Under another exemplary embodiment, the video and audio players of webpage 110 are configured to operate as Flash Video, which is a file format used to deliver video over the Internet using Adobe™ Flash Player. The Flash Player typically executes Shockwave Flash “SWF” files and has support for a scripting language called ActionScript, which can be used to display Flash Video from an SWF file. Because the Flash Player runs as a browser plug-in, it is possible to embed Flash Video in web pages and view the video within a web browser. Commonly, Flash Video files contain video bit streams which are a variant of the H.263 video standard, and include support for H.264 video standard (i.e., “MPEG-4 part 10”, or “AVC”). Audio in Flash Video files (“FLV”) is usually encoded as MP3, but can also accommodate uncompressed audio or ADPCM format audio.

Continuing with the embodiment, video beacons can be embedded within an action script that will be running within the video Flash Player's run time environment on web page 110. When an action script associated with web page 110 gets loaded as a result of the access to the page, the script gets activated and triggers a “video beacon”, which extracts and store URL information on a server (e.g., content server 100), and launches the video Flash Player. By inserting an audio beacon in the same action script, the audio beacon will be triggered by the video player. Once triggered, the audio beacon may access AM server 120 to load a pre-recorded audio file containing a special embedded compatible code (e.g., CBET). This pre-recoded audio file would be utilized for beacon 131 to transmit for a given period of time (e.g., every x seconds).

As a result, the beacon 131 audio player runs as a “shadow player” in parallel to the video Flash Player. If a portable device 140 is in proximity to user device 130, portable device 140 will detect the code and reports it to audio beacon server 150. Depending on the level of cooperation between the audio and video beacon, the URL information can also be deposited onto beacon server 150 along with codes that would allow an audience measurement entity to correlate and/or calibrate various measurements with demographic data.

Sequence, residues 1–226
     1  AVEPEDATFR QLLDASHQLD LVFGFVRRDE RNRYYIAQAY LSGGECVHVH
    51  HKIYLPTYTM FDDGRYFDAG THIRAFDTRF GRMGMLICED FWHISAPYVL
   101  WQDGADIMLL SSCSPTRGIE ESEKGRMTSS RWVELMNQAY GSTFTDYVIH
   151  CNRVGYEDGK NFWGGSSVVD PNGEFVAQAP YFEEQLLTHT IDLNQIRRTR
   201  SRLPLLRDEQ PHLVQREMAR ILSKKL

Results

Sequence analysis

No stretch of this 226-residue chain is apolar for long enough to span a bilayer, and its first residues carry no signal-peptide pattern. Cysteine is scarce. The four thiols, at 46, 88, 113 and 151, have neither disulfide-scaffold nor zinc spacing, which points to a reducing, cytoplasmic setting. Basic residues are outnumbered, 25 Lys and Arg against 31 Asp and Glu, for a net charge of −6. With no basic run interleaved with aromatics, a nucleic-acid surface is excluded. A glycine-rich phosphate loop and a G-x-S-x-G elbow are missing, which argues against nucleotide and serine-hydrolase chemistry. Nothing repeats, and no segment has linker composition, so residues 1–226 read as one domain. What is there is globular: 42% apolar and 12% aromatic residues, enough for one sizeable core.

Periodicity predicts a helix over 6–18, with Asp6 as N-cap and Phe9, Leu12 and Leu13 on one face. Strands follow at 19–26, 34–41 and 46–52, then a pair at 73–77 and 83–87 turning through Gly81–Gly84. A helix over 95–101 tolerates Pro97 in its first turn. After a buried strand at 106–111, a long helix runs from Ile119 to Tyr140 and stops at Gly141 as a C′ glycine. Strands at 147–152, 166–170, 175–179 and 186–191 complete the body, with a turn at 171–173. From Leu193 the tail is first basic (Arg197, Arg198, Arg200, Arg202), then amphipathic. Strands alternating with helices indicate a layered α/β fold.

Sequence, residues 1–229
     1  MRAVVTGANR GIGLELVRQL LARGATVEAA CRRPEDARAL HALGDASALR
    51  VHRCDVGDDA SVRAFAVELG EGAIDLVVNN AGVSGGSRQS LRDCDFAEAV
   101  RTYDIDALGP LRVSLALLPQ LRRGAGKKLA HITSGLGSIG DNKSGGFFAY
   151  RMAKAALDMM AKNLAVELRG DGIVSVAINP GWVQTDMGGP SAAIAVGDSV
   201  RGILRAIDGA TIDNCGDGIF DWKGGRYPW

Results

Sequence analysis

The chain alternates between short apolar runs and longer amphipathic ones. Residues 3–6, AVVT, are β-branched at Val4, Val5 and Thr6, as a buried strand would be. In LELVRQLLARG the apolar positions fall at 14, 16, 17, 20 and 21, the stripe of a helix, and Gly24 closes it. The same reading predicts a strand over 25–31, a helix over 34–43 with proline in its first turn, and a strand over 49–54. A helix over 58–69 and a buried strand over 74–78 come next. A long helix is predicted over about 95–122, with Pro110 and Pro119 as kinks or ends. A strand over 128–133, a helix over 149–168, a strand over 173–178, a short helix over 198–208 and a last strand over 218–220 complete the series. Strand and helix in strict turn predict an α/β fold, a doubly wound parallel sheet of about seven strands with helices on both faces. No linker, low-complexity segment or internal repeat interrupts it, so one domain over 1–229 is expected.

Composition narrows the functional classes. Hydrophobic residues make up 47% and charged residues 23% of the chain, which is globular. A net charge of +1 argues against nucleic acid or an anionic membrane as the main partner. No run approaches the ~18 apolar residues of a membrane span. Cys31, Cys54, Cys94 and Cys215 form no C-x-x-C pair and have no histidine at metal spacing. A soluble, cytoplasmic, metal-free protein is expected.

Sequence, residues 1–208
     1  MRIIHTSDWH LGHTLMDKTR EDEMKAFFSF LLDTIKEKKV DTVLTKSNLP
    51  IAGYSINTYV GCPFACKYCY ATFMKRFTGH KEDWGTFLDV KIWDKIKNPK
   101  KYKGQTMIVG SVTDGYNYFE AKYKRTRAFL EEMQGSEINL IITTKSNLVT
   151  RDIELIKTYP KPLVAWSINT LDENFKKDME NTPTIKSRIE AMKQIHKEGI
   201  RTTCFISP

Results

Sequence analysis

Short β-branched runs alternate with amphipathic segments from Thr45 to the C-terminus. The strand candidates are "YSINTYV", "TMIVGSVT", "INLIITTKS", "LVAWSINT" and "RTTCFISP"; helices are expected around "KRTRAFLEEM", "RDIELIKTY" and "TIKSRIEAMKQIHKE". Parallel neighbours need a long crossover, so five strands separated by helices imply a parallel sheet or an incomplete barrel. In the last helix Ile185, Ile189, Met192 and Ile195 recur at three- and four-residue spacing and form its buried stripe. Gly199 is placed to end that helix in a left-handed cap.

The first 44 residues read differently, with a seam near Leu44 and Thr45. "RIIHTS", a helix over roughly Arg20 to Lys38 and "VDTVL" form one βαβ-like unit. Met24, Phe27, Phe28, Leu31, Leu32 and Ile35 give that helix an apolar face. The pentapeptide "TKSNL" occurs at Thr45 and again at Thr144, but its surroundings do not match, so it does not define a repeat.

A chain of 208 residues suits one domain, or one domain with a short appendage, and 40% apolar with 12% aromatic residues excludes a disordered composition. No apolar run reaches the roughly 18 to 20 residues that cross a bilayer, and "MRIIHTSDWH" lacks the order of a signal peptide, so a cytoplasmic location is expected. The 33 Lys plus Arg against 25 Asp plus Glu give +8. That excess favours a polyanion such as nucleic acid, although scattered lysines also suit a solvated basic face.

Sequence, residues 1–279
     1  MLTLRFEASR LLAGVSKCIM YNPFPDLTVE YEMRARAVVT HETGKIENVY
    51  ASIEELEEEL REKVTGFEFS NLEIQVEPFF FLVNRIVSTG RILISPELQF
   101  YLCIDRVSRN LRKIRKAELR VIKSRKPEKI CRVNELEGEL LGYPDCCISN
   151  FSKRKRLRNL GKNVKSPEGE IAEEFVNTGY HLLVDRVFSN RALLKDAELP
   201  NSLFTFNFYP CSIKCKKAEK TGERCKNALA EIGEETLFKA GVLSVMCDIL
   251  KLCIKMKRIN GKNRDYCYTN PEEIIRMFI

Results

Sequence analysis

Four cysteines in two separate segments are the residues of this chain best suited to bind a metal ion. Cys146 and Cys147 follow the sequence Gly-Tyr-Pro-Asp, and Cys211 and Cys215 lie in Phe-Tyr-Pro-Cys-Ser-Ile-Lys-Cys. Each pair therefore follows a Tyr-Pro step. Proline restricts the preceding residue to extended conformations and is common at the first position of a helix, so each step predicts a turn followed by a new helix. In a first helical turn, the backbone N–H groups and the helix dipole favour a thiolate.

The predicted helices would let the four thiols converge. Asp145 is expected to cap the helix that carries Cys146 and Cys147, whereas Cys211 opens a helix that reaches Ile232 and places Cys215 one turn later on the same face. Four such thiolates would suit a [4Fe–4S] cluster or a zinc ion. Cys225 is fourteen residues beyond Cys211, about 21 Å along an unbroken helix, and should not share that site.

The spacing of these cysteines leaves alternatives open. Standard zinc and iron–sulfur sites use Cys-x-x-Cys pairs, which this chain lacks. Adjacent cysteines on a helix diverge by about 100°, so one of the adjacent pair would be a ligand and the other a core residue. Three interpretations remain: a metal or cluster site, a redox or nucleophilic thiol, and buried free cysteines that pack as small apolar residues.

Under the present disclosure, media data may be processed in a myriad of ways for conducting customized panel research. As an example, each user device 130 may install on-device measurement software (PC meter 132) which includes one or more web activity monitoring applications, as well as beacon software 131. It is understood that the web activity monitoring application and the beacon software may be individual applications, or may be merged into a single application.

The web activity monitoring application collects web activities data from the user device 130 (e.g., site ID, video page URL, video file URL, start and end timestamp and any additional metadata about videosite information, URL information, time, etc.) and additionally assigns a unique ID, such as a globally unique identifier or “GUID”, to each device. For the beacon 131, a unique composite ID may be assigned including a household ID (“HHID”) and a unique user device ID for each device in the household (e.g., up to 10 devices for a family), as well as a portable device ID (PPMID). Panelist demographic data may be included for each web activity on the device.

Continuing with the example, beacon 131 emits an audio beacon code (ABC) for device in the household by encoding an assigned device ID number and acoustically sending it to portable device 140 to identify the device. Portable device 140 collects the device ID and sends it to a database along with HHID and/or PPM ID and the timestamp. Preferably, a PPMID is always mapped to a HHID in the backend; alternately an HHID can be set within each PPMID.

The web activity monitoring and beacon applications may pass information to each other as needed. Both can upload information to a designated server for additional processing. A directory of panelists' devices is built to contain the GUID, HHID, and device ID for panel, and the directory could be used to correlate panelist demographic data and web measurement data.